I don't know the details, but my husband saved Tyrone's life.
Tyrone was married to Annabella at the time, that French movie
I got to meet Tyrone. He and Raymond Massey and Judith Anderson
were appearing at the Lyceum Theater in "John Brown's Body"
My husband and I and another couple went backstage. Tyrone appeared
to greet us. It was funny, we both had the same cashmere coat
on, a pale beige, tied with a cashmere belt.
Tyrone said, "John, it's you, I'd sure always remember you."
My husband introduced all of us to Tyrone. He looked me over,
he was into his blond cycle.
He asked, "How are things going for you here, John?"
My husband foolishly said, "Fine." He could have been
a star, good voice.
Then my husband asked, "We'd like to take you to dinner."
Tyrone answered, "I'm sorry, but Bill's family is coming
down from Winnipeg." Raymond Massey was from Winnipeg.
Tyrone died way too young; bad heart - a dueling sequence for
a movie was said to be the cause. Handsome? No one was more so,
By the way, if you ever noticed how I end my writings - last
line a wow! I heard from a good source, "Bill's family"
was the blonde, Anita Ekberg (and she's from Sweden).
Neighbor on guard against violations
To the editor:
This is a copy of a letter sent to the Ojai Planning Commission.
Dear Ojai Planning Commission Members:
I want to point out that when Cathy Bautista said Michael McFerrin
was apathetic about how Nordhoff Hall is actually used, he denied
vociferously that this was the case. However, he then admits
he doesn't even know what the theater group's name is that will
be renting the hall, doesn't know anything about what hours they
will keep, has no idea what they intend to perform, and doesn't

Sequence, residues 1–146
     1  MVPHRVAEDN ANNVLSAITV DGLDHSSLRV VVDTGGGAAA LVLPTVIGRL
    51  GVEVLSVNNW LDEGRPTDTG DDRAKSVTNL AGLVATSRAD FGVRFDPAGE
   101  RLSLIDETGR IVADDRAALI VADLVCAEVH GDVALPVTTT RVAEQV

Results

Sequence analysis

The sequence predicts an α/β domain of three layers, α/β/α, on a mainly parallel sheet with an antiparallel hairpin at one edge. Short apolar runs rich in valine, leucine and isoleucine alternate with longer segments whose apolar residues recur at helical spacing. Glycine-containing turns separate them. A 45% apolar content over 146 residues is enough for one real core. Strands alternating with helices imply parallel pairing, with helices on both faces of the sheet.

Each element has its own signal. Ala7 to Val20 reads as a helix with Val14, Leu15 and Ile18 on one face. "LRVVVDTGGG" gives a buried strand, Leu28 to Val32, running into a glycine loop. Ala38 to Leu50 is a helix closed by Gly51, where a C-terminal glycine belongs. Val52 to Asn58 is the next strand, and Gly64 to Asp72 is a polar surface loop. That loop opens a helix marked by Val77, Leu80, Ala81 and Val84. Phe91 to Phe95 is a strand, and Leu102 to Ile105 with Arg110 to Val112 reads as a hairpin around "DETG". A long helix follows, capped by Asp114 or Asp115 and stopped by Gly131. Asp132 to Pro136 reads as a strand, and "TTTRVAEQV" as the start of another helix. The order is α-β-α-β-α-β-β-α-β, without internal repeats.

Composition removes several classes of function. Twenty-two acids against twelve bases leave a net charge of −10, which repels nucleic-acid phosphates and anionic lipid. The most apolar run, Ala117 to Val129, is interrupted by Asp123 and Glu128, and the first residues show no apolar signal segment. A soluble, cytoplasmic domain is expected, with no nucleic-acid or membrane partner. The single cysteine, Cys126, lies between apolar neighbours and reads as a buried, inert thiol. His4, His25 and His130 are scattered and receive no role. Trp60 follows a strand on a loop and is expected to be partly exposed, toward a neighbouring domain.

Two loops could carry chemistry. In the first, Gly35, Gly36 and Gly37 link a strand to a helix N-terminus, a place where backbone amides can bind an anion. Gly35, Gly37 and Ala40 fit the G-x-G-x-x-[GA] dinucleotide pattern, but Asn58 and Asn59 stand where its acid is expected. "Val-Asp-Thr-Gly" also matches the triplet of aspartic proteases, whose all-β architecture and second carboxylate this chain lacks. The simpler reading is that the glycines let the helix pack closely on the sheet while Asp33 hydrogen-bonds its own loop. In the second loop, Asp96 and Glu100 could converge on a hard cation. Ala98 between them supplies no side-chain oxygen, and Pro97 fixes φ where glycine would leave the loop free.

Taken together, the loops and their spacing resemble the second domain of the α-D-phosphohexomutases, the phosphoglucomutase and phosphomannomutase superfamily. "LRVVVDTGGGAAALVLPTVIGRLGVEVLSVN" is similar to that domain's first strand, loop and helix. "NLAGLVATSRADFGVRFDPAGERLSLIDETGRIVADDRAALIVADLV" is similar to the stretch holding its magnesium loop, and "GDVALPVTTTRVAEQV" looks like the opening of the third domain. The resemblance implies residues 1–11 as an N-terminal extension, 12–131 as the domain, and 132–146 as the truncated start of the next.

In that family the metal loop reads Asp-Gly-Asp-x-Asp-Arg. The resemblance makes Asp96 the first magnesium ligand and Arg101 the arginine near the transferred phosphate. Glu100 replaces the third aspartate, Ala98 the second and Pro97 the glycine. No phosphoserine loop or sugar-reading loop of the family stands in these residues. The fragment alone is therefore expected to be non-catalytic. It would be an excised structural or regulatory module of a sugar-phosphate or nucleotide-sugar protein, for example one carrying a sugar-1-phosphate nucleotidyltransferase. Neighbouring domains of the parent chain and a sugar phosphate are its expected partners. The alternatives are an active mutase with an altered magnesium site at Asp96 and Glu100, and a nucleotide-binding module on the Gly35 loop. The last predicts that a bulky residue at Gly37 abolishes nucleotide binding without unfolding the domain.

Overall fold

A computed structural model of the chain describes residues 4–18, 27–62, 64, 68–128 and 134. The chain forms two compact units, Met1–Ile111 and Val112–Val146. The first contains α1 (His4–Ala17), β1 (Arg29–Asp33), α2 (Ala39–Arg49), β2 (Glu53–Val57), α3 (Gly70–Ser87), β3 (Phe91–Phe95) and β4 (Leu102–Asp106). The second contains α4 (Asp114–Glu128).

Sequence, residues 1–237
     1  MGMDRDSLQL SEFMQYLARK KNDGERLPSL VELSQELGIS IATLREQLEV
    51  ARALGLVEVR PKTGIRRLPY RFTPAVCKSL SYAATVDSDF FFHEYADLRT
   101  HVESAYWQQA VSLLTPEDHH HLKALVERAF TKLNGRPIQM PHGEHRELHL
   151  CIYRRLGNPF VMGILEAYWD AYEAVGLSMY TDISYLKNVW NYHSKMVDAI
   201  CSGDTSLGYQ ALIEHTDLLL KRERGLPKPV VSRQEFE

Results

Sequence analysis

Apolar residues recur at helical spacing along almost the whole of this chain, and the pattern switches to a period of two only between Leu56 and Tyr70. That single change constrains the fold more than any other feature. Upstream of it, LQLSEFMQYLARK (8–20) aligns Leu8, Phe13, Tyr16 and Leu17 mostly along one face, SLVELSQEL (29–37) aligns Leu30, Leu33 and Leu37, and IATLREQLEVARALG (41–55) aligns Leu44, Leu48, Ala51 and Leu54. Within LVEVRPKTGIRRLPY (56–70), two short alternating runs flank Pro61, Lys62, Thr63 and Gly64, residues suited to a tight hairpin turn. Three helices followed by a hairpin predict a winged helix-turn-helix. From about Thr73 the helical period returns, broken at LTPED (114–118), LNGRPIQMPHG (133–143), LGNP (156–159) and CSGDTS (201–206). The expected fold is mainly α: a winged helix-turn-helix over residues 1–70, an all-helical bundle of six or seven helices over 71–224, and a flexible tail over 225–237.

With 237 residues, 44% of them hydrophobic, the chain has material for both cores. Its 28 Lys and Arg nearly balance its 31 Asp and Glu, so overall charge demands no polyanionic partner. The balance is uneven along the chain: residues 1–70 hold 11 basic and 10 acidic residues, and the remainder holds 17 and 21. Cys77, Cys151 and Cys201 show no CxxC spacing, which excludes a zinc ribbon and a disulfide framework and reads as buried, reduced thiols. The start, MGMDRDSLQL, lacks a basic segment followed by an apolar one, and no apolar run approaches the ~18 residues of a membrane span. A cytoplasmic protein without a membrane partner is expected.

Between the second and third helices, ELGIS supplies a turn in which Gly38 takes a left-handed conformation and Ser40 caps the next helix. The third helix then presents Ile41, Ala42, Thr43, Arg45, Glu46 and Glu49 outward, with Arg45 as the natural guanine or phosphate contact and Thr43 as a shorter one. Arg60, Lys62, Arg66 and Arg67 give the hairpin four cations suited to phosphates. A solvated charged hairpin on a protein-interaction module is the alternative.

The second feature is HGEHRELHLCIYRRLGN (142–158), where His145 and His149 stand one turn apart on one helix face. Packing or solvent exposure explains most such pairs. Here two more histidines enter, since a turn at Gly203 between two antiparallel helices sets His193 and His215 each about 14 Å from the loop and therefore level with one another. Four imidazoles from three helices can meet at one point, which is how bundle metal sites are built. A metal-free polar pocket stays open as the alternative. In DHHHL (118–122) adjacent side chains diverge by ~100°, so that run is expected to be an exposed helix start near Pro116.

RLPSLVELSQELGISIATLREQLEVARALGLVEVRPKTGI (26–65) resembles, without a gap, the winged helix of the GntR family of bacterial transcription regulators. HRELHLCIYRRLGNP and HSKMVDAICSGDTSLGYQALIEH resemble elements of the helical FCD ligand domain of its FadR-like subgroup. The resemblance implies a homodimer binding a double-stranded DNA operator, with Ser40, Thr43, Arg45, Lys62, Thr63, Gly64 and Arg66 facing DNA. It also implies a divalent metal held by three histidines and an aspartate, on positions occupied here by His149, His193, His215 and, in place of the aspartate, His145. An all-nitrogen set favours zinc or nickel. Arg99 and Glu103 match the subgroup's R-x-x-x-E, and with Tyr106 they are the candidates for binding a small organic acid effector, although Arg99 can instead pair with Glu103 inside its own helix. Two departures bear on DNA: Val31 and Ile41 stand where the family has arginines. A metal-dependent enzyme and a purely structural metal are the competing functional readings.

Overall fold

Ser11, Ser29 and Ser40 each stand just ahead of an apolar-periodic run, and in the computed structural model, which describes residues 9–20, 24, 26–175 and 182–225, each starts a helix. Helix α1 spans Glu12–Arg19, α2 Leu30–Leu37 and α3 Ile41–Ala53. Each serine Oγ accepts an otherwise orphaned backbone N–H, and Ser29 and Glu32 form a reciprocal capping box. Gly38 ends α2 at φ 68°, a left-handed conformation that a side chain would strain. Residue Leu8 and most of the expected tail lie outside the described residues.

even know the dates of their engagements.
He excuses every breech of etiquette toward the neighbors with
statements such as: "I wasn't there" or "I didn't
know" or "I was out of town" and other variations
of these three statements. My question is, how do these responses
and lack of responsibility or knowledge about the uses to which
Nordhoff Hall is put constitute anything but apathy? Obviously,
he is uninterested, uninvolved and has no idea of the day-to-day
workings of the hall. His actions and words clearly attest to
I also take issue with McFerrin's statement that the lights at
the hall, bell tower, and offices that are left on all night
are no brighter than the porch lights of the surrounding neighbors.
Anyone who thinks this is remotely near the truth, please drive
down East Aliso Street after dark and see for yourself. The hall
and offices are lit up like there is no such thing as conservation
and are far and away brighter than anything else on Aliso Street.
You, as members of the Planning Commission, should at least come
see for yourselves if this is a true statement.
Furthermore, I think it's interesting that Julia Taft-Whitman,
a.k.a. the wife of the architect of Nordhoff and the Offices
at the Pew, would admonish us all that having a theater next
door could be "just wonderful." If that is the case,
maybe she should offer The Blue Iguana, or better The Emerald
Iguana, for theater use and see how her supposedly long-term
guests would enjoy it. Better yet, she can offer her house or
neighborhood (which are not even in the city of Ojai) if she
thinks we are better blessed than she for having a theater next
Finally, as Cathy Bautista pointed out, the City Charter reads
in no uncertain terms that there is to be no foot traffic after
9 p.m. in Mixed Village Use areas. Expect calls at 9:01 p.m.
every night the hall is in use because what is being sold to
you as city planners and to us as neighbors is not only spurious,
it is illegal.
Donors for auction thanked
To the editor:
On behalf of Ojai's Church of the Living Christ's Mission Department,
we would like to thank the following merchants who generously
donated to our 2002 Silent Auction:
Fred's Tire Man; Barbara Bowman; Familia Diaz; Facials of Essence;
Dr. David Garber; Baron Brothers Nursery; Bed, Bath & Beyond;
Jim & Rob's Fresh Grill; Ojai Pizza; Casa de Lago; Larianne's
Small Wonder; Busy Babes; Dexter's Camera; Making Faces; Irene
Johnson; Craig Carlson; Yvette Krogh; Miguel & Dora; Paul
Rudolph; Lisa Middough; Carolyn Paulsen; Richard Ramirez; Buena
Lanes; Golf 'n' Stuff; Dawn Rosalind; Mann Theatres; Century
Theatres; Gift Galleria; Sea Fresh Seafood; Danny's Deli; Ortiz
Mexican Food; Carrows; American Hay & Mercantile; Bryant
St. Gym; Michael Kelley Hair Salon; Chili's; Jiffy Lube; and
West Coast Pageantry.
It was a complete success thanks to your generosity.
Ojai's Church of the Living Christ
© 2002 The Ojai Valley
to editorial search
Back to the news